Madame Robert de Bonnieres, 1889
|Artist||Renoir, Pierre-Auguste||Durand Ruel had never approved of Renoir’s ‘hard’ style, and when the dealer commissioned Teodor se Wyzewa – a young Polish -born critic who has been a friend of Renoir’s since 1886 – to write an article about the artist (published in L’Art dans les deux mondes on December6th, 1890) it was clearly with the intention of explaining to prospective byers the artist’s various changes of style. Teodor wrote: “M. Renoir had become famous; of all the Impressionists he was the most delicate, the most feminine, the one in whom we recognised the less praise-worthy of our sensual feelings. And at this point in his career he started ot react against this weaker, feminine characteristic of his work. For several years he felt disquiet and sometimes despair, as he looked at the Old Masters whose dedicated and respectful admirer he had always been. He was searching for a more solid , a more classical way of painting, one which was sufficient unto itself , independently of the sensual charm he was able to add to it”.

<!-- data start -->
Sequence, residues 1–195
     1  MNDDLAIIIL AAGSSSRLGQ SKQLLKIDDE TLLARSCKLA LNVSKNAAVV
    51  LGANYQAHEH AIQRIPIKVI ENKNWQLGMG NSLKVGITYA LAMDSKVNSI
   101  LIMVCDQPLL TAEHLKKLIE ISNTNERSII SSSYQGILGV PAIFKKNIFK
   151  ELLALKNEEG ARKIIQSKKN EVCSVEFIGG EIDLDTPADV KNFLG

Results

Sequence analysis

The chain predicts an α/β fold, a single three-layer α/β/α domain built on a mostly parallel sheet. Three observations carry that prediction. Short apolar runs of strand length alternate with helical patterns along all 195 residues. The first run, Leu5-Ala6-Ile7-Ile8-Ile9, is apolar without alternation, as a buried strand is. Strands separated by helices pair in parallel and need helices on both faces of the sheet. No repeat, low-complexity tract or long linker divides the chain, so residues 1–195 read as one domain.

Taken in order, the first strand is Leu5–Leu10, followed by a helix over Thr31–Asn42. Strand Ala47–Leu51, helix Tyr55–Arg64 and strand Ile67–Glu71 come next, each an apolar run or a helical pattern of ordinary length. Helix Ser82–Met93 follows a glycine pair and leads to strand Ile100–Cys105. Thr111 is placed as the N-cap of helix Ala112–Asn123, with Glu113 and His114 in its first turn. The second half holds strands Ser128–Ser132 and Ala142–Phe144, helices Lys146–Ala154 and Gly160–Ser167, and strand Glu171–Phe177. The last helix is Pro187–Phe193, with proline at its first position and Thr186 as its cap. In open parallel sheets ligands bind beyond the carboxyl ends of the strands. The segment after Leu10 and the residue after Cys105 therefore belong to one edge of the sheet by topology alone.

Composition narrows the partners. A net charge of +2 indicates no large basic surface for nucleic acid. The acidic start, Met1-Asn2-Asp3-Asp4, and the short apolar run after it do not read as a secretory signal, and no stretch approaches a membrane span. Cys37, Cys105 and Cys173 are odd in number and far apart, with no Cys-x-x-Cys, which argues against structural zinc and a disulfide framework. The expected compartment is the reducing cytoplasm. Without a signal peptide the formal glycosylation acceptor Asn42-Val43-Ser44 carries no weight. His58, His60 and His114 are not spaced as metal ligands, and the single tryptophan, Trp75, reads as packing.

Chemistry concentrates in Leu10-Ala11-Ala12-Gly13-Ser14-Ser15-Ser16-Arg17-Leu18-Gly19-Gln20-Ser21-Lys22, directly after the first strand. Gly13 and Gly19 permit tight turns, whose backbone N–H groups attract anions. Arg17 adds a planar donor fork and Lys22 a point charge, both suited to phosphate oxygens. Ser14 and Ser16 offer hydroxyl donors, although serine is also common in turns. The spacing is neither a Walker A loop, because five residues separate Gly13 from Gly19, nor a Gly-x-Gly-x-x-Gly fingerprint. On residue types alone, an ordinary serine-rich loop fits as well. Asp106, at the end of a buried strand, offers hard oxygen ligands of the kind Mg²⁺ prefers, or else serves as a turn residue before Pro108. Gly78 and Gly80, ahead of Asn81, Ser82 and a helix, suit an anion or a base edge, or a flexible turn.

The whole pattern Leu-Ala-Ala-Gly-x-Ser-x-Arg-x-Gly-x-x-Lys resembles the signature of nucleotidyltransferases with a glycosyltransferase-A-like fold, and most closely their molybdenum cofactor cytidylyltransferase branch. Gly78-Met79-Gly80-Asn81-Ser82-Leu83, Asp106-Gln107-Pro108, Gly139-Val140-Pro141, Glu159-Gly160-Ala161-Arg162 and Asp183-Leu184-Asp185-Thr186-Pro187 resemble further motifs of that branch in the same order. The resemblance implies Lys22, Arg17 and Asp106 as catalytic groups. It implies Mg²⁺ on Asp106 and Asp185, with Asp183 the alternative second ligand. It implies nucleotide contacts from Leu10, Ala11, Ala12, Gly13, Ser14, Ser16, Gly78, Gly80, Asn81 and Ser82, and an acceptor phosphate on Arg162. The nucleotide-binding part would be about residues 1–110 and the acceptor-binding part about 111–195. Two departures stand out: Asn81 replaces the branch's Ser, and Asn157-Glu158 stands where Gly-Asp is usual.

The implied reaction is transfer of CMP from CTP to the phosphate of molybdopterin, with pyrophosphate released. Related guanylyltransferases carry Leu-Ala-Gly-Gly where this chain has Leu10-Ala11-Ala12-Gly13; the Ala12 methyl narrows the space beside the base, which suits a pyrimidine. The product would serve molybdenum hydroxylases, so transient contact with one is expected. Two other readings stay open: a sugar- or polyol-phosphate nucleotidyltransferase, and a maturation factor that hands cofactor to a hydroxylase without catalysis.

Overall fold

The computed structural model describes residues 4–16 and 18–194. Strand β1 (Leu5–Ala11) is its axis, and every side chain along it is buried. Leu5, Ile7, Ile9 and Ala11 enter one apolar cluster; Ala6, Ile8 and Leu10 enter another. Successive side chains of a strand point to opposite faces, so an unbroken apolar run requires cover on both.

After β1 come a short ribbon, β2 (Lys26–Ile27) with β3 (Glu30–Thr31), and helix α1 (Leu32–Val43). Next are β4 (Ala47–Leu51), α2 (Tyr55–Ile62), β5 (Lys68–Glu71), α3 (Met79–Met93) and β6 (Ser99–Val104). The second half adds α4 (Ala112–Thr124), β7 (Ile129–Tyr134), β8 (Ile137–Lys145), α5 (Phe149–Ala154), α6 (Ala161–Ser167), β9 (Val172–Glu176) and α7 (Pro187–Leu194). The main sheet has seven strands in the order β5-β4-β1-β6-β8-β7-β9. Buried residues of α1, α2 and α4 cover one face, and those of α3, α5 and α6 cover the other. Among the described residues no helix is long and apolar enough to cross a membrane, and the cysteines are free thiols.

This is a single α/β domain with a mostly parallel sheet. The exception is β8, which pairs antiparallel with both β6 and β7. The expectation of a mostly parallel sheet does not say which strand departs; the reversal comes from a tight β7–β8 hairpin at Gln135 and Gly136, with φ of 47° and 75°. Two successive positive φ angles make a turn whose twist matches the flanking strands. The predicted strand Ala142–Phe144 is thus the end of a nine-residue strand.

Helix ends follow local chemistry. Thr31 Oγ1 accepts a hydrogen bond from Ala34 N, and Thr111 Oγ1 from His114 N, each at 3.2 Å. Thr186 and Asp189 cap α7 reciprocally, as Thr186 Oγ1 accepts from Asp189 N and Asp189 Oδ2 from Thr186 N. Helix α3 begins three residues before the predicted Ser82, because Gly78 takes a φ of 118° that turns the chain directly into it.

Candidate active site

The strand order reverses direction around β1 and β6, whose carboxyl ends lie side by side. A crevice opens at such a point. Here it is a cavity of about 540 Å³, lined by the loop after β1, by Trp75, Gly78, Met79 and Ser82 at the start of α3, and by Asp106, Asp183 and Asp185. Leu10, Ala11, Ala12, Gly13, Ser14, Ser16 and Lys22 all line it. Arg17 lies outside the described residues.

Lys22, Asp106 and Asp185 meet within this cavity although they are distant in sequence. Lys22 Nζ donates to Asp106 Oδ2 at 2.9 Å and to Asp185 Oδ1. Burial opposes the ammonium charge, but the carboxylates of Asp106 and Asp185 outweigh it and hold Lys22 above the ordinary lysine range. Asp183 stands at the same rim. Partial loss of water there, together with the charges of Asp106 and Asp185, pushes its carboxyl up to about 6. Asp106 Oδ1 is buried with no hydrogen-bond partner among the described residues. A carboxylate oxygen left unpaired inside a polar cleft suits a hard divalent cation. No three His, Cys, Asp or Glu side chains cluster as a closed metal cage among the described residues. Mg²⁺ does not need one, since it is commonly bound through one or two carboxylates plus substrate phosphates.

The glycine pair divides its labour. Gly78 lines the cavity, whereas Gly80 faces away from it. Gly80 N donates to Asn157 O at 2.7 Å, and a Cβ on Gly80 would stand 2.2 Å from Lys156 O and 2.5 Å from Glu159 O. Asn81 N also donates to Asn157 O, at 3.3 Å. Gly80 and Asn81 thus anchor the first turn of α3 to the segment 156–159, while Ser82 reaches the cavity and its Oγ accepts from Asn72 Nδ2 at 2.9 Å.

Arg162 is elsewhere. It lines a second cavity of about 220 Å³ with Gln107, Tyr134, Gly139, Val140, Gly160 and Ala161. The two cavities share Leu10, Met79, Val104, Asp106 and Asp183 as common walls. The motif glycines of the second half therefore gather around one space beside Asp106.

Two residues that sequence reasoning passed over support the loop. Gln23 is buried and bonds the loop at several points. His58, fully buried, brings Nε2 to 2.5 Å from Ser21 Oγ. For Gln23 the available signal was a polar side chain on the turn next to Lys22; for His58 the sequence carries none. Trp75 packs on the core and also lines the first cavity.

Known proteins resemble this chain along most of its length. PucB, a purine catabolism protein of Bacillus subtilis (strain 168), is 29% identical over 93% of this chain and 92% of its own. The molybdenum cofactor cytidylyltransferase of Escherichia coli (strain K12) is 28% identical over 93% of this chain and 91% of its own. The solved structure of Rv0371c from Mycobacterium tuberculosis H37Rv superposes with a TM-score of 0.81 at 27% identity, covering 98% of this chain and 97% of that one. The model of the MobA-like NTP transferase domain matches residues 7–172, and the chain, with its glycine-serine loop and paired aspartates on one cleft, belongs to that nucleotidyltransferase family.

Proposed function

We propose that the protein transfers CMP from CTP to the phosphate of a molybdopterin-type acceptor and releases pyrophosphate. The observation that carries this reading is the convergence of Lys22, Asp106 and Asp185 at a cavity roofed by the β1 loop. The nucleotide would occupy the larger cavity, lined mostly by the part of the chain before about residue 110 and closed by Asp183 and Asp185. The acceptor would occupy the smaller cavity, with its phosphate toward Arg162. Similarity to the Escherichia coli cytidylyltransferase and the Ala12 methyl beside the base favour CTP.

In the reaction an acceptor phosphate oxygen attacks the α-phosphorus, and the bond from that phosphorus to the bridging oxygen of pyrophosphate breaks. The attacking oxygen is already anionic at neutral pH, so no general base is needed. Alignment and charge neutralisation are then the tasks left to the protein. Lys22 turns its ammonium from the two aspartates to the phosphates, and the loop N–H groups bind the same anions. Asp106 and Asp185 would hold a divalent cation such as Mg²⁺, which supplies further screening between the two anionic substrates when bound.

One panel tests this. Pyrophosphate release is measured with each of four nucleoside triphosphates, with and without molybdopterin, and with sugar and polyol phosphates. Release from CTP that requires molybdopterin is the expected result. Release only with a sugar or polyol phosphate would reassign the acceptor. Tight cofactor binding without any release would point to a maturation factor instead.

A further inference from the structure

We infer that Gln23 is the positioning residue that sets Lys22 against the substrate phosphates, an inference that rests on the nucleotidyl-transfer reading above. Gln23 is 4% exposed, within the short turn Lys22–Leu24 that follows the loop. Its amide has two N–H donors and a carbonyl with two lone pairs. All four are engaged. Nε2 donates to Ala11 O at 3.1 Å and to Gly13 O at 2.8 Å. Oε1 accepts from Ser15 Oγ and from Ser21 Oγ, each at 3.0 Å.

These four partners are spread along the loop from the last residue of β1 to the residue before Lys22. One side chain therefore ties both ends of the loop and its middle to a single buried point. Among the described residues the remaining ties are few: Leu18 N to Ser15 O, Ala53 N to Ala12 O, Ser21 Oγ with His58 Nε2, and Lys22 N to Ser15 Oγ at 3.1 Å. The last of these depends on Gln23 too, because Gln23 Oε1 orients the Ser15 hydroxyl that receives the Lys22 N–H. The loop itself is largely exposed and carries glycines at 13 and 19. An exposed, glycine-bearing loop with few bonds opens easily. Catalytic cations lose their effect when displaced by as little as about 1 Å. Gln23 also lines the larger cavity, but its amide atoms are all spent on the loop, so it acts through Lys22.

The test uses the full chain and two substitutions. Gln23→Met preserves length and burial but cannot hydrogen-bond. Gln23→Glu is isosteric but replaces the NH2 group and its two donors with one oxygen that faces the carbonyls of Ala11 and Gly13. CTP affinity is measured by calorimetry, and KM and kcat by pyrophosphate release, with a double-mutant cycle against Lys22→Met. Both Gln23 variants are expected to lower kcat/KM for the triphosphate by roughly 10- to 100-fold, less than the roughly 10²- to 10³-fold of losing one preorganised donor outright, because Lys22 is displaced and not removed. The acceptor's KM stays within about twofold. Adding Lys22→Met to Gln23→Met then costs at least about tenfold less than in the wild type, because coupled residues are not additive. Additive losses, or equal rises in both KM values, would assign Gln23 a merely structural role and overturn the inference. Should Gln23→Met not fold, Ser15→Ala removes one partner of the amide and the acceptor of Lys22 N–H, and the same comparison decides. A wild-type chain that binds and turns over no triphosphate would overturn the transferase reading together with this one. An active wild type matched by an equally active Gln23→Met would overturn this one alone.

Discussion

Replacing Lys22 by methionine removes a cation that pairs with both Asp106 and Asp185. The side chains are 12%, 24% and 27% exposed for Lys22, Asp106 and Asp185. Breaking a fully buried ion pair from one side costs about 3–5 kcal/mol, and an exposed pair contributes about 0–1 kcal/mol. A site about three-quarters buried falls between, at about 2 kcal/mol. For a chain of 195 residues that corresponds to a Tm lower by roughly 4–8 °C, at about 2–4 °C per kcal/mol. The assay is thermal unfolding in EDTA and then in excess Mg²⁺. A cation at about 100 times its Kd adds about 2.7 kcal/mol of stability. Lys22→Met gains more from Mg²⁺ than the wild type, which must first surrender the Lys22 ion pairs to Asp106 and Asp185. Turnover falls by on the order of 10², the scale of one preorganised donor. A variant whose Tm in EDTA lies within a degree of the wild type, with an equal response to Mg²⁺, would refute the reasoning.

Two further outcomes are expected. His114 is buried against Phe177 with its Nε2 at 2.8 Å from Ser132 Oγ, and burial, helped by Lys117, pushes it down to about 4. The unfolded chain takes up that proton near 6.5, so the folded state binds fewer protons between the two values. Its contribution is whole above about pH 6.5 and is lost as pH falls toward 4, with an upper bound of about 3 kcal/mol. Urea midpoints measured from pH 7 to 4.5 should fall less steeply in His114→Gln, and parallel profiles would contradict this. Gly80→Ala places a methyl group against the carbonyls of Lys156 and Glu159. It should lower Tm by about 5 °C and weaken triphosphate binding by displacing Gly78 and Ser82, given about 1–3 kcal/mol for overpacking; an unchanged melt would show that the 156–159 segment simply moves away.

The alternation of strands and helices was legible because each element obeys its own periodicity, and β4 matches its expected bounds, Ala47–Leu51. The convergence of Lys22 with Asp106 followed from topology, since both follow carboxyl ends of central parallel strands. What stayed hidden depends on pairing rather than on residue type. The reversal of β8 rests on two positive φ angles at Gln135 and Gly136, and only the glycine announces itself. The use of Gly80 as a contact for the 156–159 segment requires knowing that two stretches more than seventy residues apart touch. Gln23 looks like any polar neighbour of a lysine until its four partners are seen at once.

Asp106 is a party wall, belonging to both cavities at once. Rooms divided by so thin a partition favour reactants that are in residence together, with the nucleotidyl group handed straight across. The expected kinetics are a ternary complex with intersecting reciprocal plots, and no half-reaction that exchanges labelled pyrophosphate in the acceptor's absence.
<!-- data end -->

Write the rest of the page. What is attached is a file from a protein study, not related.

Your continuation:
Not content with writing articles in praise of Renoir’s work, Teodor de Wyzewa persuaded Robert de Bonnieres, a writer for Le Figaro, to commission Renoir to paint this portrait of his wife. At the time it was fashionable for women to be pale. And the canvas does give the impression of a woman wearing heavy make-up. Renoir was frustrated by this and later confided in Vollard: “Just imagine – I come across one of the most charming women it is possible to meet , and she doesn’t want to have any colour in her cheeks!”
|Medium||Oil on canvas|